"Open Science": Altai State University scientists investigated the impact of ice ages on the fauna of Siberia and North America

24 February 2021 Department of Information and Media Communications
The scientific news portal "Open Science" reported that Professor of the Department of Ecology, Biochemistry and Biotechnology of the Institute of Biology and Biotechnology of Altai State University, Doctor of Biological Sciences Roman Yakovlev took part in a large international project dedicated to the evolution of the fauna of Siberia and North America.

One of the results of the research of the international team was the article "The history of survival: biogeography and evolution of four Holarctic butterflies with different requirements for the environment", published in the prestigious British scientific journal Journal of Biogeography (Q1 on Scopus and Web of Science).

Based on the study of mitochondrial and nuclear genes, the distribution paths of butterflies with different ecological preferences were traced: tundra, taiga, meadows and swamps. It was shown that the harsh climate of the glaciers did not pose a significant obstacle to the spread of butterflies. On the whole, the study contributes to understanding of the impact of ice ages on the fauna in the area of the Beringian Bridge, which linked Eurasia and North America.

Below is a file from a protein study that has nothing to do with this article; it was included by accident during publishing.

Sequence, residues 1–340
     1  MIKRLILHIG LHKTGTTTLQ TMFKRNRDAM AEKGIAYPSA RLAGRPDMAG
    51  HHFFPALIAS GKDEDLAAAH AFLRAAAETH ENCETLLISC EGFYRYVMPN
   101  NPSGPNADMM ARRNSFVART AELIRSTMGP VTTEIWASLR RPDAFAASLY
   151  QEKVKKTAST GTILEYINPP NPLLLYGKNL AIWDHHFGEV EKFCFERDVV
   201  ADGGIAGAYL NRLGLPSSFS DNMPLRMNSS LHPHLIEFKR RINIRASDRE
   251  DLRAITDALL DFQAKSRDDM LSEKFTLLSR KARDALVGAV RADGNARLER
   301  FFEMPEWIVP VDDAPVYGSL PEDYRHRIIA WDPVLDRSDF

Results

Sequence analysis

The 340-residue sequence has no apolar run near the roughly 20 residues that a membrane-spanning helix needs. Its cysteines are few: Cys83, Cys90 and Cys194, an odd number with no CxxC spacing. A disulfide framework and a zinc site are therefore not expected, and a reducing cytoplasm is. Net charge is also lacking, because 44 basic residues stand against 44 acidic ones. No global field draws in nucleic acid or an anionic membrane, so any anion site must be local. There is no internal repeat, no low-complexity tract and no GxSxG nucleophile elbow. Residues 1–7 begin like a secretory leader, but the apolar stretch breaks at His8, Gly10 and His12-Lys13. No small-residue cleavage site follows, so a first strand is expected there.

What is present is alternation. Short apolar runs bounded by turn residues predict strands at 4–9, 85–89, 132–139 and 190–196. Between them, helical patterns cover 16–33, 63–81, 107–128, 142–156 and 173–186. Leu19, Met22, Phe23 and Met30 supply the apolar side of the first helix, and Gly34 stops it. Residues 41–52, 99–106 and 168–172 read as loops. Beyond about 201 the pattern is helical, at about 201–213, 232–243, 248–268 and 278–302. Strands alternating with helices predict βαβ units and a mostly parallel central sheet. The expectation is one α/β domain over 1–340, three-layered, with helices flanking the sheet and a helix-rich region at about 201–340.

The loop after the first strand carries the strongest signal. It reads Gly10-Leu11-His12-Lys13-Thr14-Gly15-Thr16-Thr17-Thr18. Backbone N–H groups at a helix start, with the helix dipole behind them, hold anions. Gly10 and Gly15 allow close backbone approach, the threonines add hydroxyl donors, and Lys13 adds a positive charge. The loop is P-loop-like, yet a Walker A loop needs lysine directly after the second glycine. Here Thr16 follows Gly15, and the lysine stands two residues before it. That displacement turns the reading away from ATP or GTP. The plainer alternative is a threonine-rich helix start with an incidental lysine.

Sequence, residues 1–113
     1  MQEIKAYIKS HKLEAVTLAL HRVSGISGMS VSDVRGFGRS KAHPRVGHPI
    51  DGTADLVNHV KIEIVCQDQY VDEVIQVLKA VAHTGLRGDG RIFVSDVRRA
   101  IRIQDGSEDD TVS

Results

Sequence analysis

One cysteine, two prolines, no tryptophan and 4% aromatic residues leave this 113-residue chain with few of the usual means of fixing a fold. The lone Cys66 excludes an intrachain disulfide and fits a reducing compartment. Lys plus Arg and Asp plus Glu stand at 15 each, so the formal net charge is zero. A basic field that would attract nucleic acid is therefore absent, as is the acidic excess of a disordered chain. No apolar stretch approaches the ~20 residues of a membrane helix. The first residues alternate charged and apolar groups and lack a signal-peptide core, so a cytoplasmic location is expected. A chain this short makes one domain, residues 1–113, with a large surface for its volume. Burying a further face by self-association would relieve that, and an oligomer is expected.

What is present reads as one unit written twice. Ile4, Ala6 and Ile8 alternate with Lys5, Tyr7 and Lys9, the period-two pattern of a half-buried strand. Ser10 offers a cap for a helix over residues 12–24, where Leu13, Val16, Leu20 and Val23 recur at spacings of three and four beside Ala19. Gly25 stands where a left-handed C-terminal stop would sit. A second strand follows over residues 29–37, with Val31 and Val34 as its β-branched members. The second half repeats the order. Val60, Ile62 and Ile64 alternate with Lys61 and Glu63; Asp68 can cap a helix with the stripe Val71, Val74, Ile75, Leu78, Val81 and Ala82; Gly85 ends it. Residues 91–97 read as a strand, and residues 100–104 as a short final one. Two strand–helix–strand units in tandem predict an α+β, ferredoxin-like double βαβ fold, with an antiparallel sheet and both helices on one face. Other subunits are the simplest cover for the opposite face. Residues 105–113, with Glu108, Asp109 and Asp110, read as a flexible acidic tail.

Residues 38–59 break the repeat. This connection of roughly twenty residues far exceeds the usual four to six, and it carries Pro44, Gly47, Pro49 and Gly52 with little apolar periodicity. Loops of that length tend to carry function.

“The work involving a large amount of material was carried out by researchers from the Czech Republic (Institute of Entomology of the Czech Academy of Sciences, University of South Bohemia), France (University of Burgundy and the Arctic Ecology Research Group), Denmark (Aarhus University) and Russia (Zoological Institute of the Russian Academy of Sciences and Altai State University). We managed to find differences in the patterns and strategies of the distribution of species with different types of ecology during glaciation periods in the Northern hemisphere. It should be noted that the research was carried out for two years, the preparation of the article took even more than a year. Several rounds of peer review, incredibly high requirements for methodology and material - the difference between the requirements of high-quality journals and the mass of pseudoscience that is now published in low-prestige publications. At the moment, we are developing such large-scale projects with a number of institutions in Canada, Germany and the Czech Republic for some groups of insects and arachnids common in Siberia and Central Asia. There is also an interesting good groundwork for one little-studied tropical group - a distant result of my trip to Kolkata in 2019. At the moment, our young entomological team is working on the study of the fauna of North and Central Asia and has a sufficient amount of scientific novelty, which, with the support of the university administration, can be published in journals of the highest rank in our region,” notes Roman.

Printable version